- WeWork is once again attempting to poach clients from rival operators.
- A mass mailer offers “exclusive” free trials, but it always pays to read the fine print.
- This tactic hints that WeWork could be having trouble filling space, and warns of potentially more aggressive pricing strategies to come.
In early March, WeWork launched a massive marketing campaign. Offers were sent via email and LinkedIn Mail on behalf of CEO Sandeep Mathrani, with the following subject line: “WeWork exclusive offer for you”.
The LinkedIn Mail offer read as follows:
With today’s uncertainties, WeWork is planning for a future built on flexibility. We’re here for you—and we’re here to stay. Our flexible deal terms and turnkey, full-floor offices help reduce CapEx and make it easy for you to provide a great work experience to employees, wherever they may be.
To help your business move forward, we have an exclusive workspace offer for you if you make the switch to WeWork from your existing office provider.
- Try a private office space with no monthly charge through March 2021.
- It you’re ready to make the switch, we’ll match or beat your current space provider’s price through the end of the deal.
- In addition to your office, teams can work closer to home with complimentary access to workspaces across hundreds of locations through June 2021.
- Terms apply.
As we look ahead to a post-pandemic world, WeWork is here to help your business adapt to tomorrow’s needs, today.
To take advantage of this offer, call 646-XXX-XXX to speak with our specialists or learn more at we.co/switch.
With any offer, it always pays to read the fine print.
Here are some of the terms and conditions that apply, which may make you think twice before taking WeWork up on their offer:
- A service retainer is required.
- The offer only applies to private offices.
- WeWork may modify or terminate the offer without notice or warning.
- The office pricing that matches or beats your current provider’s pricing only applies to December, 2021—afterwards you would need to pay WeWork’s full price.
- Some locations are excluded from access to “hundreds of locations”.
Been There, Done That
This isn’t the first time WeWork has tried to poach clients from competitors in the hopes of filling up its coworking locations.
Back in 2017, Allwork.Space reported that WeWork was cannibalizing the industry through a variety of tactics, including:
- Offering 50% off for clients that made the switch to WeWork—they went as far as targeting the CEO and founder of a rival company.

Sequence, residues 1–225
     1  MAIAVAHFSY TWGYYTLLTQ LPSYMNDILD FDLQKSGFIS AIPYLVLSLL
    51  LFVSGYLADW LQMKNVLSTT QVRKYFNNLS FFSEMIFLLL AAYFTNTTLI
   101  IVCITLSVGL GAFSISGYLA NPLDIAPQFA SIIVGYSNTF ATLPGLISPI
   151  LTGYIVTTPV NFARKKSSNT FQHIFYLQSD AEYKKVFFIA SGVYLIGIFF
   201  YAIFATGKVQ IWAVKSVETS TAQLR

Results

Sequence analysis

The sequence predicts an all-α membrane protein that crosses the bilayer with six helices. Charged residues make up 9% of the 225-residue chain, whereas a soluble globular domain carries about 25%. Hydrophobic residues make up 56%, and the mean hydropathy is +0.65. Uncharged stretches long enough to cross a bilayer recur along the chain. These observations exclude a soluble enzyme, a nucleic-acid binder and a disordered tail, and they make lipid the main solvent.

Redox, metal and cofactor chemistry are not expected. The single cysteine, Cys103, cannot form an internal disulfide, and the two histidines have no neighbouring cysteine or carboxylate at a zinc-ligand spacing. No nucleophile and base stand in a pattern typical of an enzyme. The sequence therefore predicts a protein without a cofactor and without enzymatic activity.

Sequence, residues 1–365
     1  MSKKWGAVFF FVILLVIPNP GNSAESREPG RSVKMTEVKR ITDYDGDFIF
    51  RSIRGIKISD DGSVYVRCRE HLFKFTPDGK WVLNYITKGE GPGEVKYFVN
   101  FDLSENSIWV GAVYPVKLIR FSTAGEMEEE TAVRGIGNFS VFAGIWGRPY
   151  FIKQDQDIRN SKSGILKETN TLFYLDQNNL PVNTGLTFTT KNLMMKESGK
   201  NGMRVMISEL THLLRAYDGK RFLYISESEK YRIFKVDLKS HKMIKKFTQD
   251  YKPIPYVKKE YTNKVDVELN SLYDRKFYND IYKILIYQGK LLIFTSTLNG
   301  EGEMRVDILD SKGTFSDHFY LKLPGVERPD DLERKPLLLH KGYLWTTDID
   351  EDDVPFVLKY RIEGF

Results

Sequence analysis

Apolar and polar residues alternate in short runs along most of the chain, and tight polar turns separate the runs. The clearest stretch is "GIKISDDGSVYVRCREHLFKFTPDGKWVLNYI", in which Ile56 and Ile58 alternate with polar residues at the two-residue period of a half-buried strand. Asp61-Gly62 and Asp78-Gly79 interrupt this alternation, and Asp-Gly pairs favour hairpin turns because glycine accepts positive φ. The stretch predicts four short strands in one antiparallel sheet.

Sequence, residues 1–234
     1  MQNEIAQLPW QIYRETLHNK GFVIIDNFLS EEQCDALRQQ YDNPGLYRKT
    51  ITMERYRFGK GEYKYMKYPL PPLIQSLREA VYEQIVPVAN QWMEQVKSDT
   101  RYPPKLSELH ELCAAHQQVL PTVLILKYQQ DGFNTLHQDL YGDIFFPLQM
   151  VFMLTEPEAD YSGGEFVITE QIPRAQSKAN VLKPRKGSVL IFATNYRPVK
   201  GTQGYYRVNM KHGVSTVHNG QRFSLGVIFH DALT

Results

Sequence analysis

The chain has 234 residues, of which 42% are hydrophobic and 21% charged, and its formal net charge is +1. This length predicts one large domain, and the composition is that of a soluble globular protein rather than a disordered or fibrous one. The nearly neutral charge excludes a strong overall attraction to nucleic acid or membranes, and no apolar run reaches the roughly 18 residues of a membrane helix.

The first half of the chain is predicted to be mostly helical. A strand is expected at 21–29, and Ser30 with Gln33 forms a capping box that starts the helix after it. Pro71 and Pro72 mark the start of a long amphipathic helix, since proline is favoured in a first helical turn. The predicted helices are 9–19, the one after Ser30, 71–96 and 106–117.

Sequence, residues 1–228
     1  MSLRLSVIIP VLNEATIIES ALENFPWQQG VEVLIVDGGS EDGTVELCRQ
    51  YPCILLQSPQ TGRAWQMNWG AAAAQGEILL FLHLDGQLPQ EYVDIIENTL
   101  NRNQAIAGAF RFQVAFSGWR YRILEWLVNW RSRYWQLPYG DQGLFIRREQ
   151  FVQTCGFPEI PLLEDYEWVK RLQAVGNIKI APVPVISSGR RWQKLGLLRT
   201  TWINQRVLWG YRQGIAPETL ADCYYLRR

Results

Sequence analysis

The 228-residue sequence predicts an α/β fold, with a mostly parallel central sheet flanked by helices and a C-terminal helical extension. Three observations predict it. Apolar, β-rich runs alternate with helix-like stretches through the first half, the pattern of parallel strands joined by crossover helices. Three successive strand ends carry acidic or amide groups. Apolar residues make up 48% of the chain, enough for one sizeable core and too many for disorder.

- Bait and switch—WeWork offered a discounted price during tours and marketing campaigns, but made no mention of the deal in the contracts that potential members had to sign.
- Paying 100% commission to brokers that poached clients from rivals, including Knotel, Industrious, and IWG.
Given what we already know, this new “exclusive offer” shouldn’t really come as a surprise.
Yet, it does.
When WeWork hired Sandeep Mathrani as CEO following the ousting of Adam Neumann, many believed a new era would start for the company. After all, Mathrani is an experienced real estate veteran, with a great track record of turning around companies dealing with debt.
His background in real estate also hinted that WeWork was finally coming to terms with the fact that it is a real estate company, rather than a tech company.
During his first months as CEO, Mathrani took actions that focused on reducing costs and expenses. He laid off thousands of employees, got rid of side businesses (WeGrow, WeLive, Teem, etc.), and closed several underperforming locations.
A couple of weeks before he officially started, Mathrani stated that WeWork has “significant potential if we stick to our shared values.”
A few months after taking over as CEO, Mathrani stated in an interview with Bisnow:
“We will continue growing, but the focus will be on profitable growth. It will be a balanced expansion.”
And yet, this new era for WeWork—under the leadership of Mathrani—seems to continue taking out strategies from Neumann’s book. Who knows, maybe poaching clients is part of WeWork’s “shared values”.
Why these Offers Are Troubling
The short answer:
It hints to the potential fact that WeWork could be having trouble filling its centers, in new and existing markets. This could be understandable due to COVID-19, but given the company’s history, this seems like an ongoing trend for WeWork.
Even if members make the switch, there’s no guarantee they’ll stay beyond the year where they’ll be paying a discounted price. This is especially true if WeWork rates are significantly higher than those of its competitors—a bit hard to determine given that prices for private offices are not listed on WeWork’s website.
What does that mean for a company that claims it will become profitable in 2021?
It could mean the company isn’t as “on track” as it claims to be.
Beyond that, if WeWork continues to engage in such practices, it could lead to the depreciation of the entire flexible workspace market, as other operators may be forced to lower their prices even more in order to remain competitive.
Given the current situation caused by COVID-19, not many operators can lower their prices, as many are already struggling to make ends meet amid government lockdowns. Even if they could, it’s unlikely to be a sustainable strategy in the long-run.